Modeling the concept after drag-and-drop website builders like Wix and Squarespace, the Animoto team launched its platform in 2007, receiving almost immediate acclaim from an influx of new users. With the success, however, came new challenges.

“It was exciting, at first, because a lot more people than we could have ever thought started using it,” Jason said. “We focused on anyone with photos and music, but we realized that when you’re good for a lot of people, you’re not really great for anyone. We wanted to be the best in the world at one thing instead of being kind of good at a lot of things.”

By the company’s 10-year anniversary in 2017, Animoto refocused on empowering small businesses to communicate with video. The company now boasts more than 20 million registered users, with customers in 175 countries across the globe.

Optimizing Video as a Top Tool for Messaging in the Social Media Age

In the decade since Animoto’s launch, the ascendancy of video content has been consistent across the web. The company continuously adapts its stride to stay ahead of the curve.

“We’ve spent our entire careers here really studying and learning about what works and what doesn’t work with video, especially with marketing videos on websites and social media,” Jason said.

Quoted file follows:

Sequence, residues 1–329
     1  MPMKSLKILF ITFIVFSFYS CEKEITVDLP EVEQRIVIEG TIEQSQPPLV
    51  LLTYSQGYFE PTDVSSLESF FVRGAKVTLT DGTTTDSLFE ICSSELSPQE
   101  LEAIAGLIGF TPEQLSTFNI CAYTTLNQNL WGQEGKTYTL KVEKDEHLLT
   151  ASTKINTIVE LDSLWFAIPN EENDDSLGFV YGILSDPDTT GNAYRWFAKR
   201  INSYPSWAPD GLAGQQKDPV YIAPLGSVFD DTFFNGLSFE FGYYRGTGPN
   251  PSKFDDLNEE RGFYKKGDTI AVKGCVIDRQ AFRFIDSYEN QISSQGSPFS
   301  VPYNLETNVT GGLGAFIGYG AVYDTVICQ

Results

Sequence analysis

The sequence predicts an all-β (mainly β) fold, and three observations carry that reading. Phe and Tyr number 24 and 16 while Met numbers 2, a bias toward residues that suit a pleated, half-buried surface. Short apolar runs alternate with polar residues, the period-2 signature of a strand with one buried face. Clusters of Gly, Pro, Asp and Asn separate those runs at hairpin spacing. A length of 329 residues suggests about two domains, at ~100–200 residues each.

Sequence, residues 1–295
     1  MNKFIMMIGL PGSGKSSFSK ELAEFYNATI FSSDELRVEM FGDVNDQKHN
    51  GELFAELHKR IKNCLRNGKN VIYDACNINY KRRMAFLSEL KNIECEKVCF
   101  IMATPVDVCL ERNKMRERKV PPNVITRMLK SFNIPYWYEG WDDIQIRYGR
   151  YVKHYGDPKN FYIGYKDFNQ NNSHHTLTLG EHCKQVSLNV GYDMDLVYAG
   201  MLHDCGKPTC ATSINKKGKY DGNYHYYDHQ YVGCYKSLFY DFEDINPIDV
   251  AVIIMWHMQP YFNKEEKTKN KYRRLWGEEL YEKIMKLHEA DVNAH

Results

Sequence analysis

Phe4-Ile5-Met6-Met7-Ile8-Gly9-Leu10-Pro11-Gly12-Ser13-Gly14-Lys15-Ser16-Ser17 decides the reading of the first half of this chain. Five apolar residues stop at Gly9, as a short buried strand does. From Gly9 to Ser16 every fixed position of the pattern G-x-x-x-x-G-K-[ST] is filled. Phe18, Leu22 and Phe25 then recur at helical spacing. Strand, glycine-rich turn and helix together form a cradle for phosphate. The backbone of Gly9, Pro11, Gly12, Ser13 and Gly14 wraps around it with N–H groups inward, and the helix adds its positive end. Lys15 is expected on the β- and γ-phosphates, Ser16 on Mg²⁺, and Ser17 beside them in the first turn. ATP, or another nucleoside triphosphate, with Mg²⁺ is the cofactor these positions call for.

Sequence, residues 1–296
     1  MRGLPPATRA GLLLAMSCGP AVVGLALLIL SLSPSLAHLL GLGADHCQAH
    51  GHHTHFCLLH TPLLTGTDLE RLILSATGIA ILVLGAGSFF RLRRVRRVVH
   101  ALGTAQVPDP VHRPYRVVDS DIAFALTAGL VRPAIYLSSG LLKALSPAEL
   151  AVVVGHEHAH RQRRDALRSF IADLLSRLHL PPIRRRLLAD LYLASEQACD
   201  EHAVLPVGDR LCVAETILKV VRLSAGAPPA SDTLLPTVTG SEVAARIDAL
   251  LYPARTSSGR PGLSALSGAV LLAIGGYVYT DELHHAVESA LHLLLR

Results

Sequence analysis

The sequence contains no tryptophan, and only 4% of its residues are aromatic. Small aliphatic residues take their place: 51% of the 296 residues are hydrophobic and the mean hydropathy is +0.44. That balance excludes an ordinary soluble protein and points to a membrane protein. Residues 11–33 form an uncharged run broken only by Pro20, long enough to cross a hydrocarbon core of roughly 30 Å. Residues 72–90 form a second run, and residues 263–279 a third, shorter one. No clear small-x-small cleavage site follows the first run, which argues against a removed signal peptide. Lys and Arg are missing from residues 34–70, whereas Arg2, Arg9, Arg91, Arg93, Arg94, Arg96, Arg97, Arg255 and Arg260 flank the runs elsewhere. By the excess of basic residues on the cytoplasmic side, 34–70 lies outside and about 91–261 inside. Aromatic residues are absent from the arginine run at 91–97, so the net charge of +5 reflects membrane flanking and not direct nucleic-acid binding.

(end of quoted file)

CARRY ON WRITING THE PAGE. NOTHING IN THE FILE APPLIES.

Screenshots of Animoto's platform

Animoto makes video creation easy by relying on drag-and-drop simplicity and storyboard templates.

For entrepreneurs and small businesses seeking to expand their audience or consumer base, video is a powerful outreach tool — but, as Jason advises, it should be used consistently to be the most effective.

“People tend to think of video as this one-off on your marketing to-do list,” he said. “Video has become a form of communication. You have to create it regularly to communicate with your audience.”

In addition, Jason recommends Animoto users look beyond their website for opportunities to publish and share videos. Distributing video content on social media, for example, takes a more active approach to engaging new audiences.

“What people are realizing is that video is a great way to get people to your site,” he said. Instead of waiting for people to discover your website, you can take your message to where the conversation is already happening, and that’s on social.”

Animoto 101: Avoid Common Hangups When Getting Started

Despite how easy Animoto makes the video creation and editing process, Jason said he understands that many still find videos intimidating. Small business owners and marketers frequently specialize in something other than video production, so getting started can be the hardest step.